Tuesday, June 07, 2005

Shades of red (and blue) 

An interesting and revealing meeting took place earlier today, between Bush and Blair, on subjects ranging from African aid to global warming. I, for one, am always keen to hear what happens when these two come together. A strange alliance indeed, the men are remarkable demonstrations of everything that is right about politics, and also stark reminders of how left and right differ.
Of course, both leaders pledged large sums of money and debt relief to the struggling African continent, including $674 million for immediate African aid from President Bush. Interesting to note, however, that the story makes no reference to the ongoing events in the Sudan, and one has to wonder how such a monumental proposal for African relief could be in the works without any reference to the glaring human rights violations and lawless slaughter and famine taking place. Regardless, it shows how much politicians from different sides of the spectrum can come together on an issue such as humanitarian aid. Of course, there are differences, highlighted mostly by Bush's refusal to accept pie-in-the-sky proposals that would seemingly aid African countries at extreme costs to the US and world financially. Bush noted specifically that US monies would only go to countries "on a path to reform," perhaps a veiled reference to Darfur:
"Nobody wants to give money to a country that's corrupt, where leaders take money and put it in their pocket," he said.

While disagreements about debt relief and the use of Bond markets to finance African relief were minimal, the argument the Kyoto treaty and global warming remains a division between the two men.
The leaders demonstrated that their biggest differences were over global warming.

Blair has said that "clear and immediate action" to address rising temperatures is one of the world's most pressing priorities. But the Bush administration opposes government-mandated action, arguing there still are questions about global warming and possible causes.

As usual, those who are trumpeting the end of the world and demanding huge government action and regulation on the global warming issue need to get their facts straight (this one is interesting too): Global warming is, at best, a theory; one which seems to change from day to day, and growing bodies of scientific evidence refute completely. I realize that the Prime Minister has probably seem "The Day after Tomorrow," but that does not qualify him as an expert on the subject. Bush is right to call for temperance and skepticism, and should continue to do so. Until adequate evidence demonstrates the pressing need, it can only do more harm than good to waste US resources and pour on restrictive economic policies.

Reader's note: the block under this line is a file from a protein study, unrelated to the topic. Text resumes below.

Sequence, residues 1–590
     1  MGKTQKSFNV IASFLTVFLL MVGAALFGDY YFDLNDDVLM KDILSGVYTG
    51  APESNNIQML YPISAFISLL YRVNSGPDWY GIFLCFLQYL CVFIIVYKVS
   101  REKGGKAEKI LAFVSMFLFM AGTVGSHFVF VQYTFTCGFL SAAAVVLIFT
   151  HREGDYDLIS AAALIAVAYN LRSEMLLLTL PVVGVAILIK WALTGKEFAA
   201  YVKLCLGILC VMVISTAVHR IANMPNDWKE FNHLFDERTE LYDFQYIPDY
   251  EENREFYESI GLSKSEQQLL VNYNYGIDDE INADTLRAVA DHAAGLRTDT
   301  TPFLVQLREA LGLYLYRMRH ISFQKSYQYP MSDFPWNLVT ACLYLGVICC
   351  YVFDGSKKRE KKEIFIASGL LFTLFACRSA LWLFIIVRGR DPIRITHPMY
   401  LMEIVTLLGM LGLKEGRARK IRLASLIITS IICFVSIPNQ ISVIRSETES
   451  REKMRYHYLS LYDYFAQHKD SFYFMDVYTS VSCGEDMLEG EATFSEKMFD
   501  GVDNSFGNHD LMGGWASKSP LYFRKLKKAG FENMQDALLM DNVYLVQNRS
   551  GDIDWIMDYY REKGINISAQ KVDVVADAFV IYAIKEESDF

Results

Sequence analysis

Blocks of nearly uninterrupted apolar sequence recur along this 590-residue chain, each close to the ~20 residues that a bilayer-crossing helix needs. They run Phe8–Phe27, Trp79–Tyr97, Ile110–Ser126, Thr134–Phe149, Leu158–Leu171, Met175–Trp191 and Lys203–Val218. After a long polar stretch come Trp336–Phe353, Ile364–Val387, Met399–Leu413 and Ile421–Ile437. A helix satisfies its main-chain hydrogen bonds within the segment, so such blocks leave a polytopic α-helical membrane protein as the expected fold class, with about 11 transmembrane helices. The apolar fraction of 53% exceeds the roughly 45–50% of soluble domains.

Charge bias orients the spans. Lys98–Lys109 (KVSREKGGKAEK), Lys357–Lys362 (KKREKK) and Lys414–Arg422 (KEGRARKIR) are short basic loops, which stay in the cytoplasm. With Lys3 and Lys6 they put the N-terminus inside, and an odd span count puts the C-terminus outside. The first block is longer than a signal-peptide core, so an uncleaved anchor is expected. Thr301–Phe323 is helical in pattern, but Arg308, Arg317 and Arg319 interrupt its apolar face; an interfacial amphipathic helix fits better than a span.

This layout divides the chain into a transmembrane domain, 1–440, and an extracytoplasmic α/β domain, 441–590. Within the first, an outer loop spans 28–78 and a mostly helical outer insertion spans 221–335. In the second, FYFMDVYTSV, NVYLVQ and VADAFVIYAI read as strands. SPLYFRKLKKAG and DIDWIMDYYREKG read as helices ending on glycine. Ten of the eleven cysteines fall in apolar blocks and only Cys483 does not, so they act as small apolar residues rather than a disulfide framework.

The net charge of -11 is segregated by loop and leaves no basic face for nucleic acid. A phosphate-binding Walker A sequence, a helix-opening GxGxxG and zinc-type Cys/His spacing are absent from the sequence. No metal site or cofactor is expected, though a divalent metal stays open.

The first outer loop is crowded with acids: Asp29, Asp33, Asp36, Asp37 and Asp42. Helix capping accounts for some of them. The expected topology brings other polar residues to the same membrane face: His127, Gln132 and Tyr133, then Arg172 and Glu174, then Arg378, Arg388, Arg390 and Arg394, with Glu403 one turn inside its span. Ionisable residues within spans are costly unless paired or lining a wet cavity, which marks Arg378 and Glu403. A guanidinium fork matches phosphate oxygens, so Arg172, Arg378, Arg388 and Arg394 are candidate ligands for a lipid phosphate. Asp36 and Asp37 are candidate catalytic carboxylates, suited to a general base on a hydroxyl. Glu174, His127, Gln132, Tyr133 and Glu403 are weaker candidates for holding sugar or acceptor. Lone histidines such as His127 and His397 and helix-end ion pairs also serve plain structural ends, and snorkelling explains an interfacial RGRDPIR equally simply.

Bush and Blair are an anomaly of our time, when a supposedly "divided" electorate leads to bitter bickering among politicians forced to define themselves in a strict binary: 1 or 0, left or right. Yet the two remain friends and allies, even when many on the left in Europe, and the US for that matter, remain polarly opposed to the United States, and Bush himself. Perhaps Mearsheimer is right, that matters of foreign relations will always trump domestic squabbles, or in this case, disagreements over domestic policy. The men are in many ways mirror images of each other: men who were willing to stick out the neck of their political careers to do what they knew to be right. Men who are often willing to compromise and reach across the isle to pass common sense conservatism legislation. Yet they remain opposites: Bush willing to push for his judicial nominees and activelly support American economic interests at home an abroad while Blair was backed down on his EU constitution vote, and all too easily submits to socialist legislation and world treaties.
Its a good thing we have such men in the world, just ask anyone in Iraq now free from the tyranny of Saddam. And we are even more lucky that Bush, not Blair, is in our Whitehouse.

I actually had the pleasure of watching the Bush/Blair press conference LIVE today. I too love to watch these two very different, very powerful men come together. It always gives me good feelings about the alliance between our country and "the mother land". To respond to the author's comment about the lack of reference to Sudan I must say that when watching the conference I got the distinct feeling that these two leaders WERE talking about the Sudan in the way in which they answered questions. The quote that you included, "Nobody wants to give money to a country that's corrupt, where leaders take moncy and put it in their pocket," I felt was particularly directed towards the African countries that participate in genocide and tyrany like the Sudan. And don't get me started on "Global Warming"!!! I must say, though, that I wish the President would have been a little more clear in his thoughts on climate changes.
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